Reactivate (old) memories with a neural prosthesis

By Mathilde B.
— Apr 20, 2018

Reactivate (old) memories with a neural prosthesis

Volunteers have had significant science experience at the Wake Forest Baptist University Medical Center in the state of North Carolina in the United States. 17 guinea pigs were able to reactivate a memory thanks to implanted electrodes that reproduce the activity of the neurons linked to this particular memory. The discovery of this cerebral prosthesis is mainly intended for patients with neurodegenerative pathologies such as Alzheimer’s disease.  

The panel of volunteers recruited for this first scientific experience were epileptic, microelectrodes had already been grafted into their brains for medical reasons. These electrodes mainly affect the hippocampal neurons located at the back of the brain, a structure that plays a central role in memory and spatial navigation.

The true brilliant feat of researchers is in the programming of electrodes to deliver electrical stimuli only to a few selected neurons. The technology of signal transmission is inspired by the structure of digital networks according to Science et Vie, it is called MIMO.

A memorization phase took place before the stimulation phase in order to evaluate the natural performance of people’s memory. The scientists recorded and analyzed the neuronal activity of the hippocampus with image and color storage tests. These tests make it possible to find the “signature” that accompanies the crystallization of a precise memory, the “signature” marking our identity since everyone has one.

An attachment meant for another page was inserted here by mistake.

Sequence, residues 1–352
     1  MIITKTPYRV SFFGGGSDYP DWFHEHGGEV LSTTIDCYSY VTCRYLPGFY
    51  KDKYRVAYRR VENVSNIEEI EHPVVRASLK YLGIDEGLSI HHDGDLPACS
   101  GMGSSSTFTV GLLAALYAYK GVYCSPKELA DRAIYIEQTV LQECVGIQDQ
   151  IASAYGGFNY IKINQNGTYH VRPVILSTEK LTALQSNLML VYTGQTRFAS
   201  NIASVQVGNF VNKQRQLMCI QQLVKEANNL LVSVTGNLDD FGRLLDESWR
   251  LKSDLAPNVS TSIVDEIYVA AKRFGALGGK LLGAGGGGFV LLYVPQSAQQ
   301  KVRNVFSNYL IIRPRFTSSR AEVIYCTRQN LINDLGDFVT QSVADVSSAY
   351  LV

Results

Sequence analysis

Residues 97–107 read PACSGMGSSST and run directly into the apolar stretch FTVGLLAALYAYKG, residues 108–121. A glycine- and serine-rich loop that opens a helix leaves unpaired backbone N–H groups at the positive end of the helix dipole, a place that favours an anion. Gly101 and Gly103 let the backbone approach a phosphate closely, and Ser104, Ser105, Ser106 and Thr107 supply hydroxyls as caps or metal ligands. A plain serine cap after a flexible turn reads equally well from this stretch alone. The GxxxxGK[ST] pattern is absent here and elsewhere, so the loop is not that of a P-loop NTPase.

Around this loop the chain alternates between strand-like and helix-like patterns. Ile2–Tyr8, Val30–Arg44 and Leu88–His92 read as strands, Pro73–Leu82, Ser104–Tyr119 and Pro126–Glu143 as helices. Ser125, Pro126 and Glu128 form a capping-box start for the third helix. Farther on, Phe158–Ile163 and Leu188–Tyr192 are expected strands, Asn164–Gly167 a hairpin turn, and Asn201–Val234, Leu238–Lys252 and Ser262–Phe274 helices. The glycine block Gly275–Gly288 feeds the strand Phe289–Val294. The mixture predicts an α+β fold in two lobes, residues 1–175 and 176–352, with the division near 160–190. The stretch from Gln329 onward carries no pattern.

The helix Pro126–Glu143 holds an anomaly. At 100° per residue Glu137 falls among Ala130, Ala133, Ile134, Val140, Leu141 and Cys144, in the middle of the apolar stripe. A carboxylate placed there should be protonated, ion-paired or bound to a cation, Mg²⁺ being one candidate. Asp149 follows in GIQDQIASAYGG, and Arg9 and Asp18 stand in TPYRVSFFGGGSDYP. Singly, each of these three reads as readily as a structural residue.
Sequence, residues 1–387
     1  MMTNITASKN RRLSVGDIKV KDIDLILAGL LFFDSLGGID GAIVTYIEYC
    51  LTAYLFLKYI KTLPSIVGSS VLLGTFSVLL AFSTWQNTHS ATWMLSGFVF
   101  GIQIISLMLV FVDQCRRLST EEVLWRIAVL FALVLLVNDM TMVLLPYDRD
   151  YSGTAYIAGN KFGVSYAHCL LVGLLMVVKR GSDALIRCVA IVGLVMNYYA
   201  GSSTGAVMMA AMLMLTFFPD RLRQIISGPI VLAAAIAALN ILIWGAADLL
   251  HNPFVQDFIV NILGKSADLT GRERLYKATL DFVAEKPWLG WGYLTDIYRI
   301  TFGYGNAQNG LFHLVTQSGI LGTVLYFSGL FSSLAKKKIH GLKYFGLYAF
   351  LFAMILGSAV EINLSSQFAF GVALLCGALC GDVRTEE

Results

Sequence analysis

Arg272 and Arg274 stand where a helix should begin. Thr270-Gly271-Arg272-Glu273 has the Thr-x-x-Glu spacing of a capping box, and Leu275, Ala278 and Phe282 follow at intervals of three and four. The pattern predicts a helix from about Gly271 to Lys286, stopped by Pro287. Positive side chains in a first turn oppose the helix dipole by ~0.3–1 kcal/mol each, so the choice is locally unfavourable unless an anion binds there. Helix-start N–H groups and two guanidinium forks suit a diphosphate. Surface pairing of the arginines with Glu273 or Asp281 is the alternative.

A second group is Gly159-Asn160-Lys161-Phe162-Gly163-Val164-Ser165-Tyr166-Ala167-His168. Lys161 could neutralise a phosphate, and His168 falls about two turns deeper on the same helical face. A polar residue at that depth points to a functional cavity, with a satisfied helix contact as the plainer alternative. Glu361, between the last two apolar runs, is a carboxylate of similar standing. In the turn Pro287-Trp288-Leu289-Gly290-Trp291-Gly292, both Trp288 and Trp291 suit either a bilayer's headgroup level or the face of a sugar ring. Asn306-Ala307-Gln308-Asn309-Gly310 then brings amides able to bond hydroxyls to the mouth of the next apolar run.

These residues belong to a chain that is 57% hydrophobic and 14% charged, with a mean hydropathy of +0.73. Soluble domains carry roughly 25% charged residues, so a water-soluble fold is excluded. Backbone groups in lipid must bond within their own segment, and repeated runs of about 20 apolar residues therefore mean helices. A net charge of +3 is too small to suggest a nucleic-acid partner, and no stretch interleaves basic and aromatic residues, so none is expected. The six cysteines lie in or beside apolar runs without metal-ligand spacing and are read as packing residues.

The stimulation phase can started: the researchers showed volunteers a series of images already seen before, they then reproduced the experiment by leaving few minutes between the image view and the request for recognition. The results in the publication are very positive: they noted an improvement in memory of 37%. Encouraged by this discovery, scientists want to extend this new field of research to other volunteers.

The human-machine interface is rich in fantasies: the study, extremely laudable for the victims of Alzheimer’s, illustrates the will to fight a deficiency. But some magazines already speak of an innovation that can improve the memory capacity of human beings and will be used in the fields of education or training. Be careful, however, not to confuse medicine, the purpose of which is to eliminate the worst by scientific proof, and transhumanism which counts on the empowerment (quantified self) and the selection of the best by being based only on promises.

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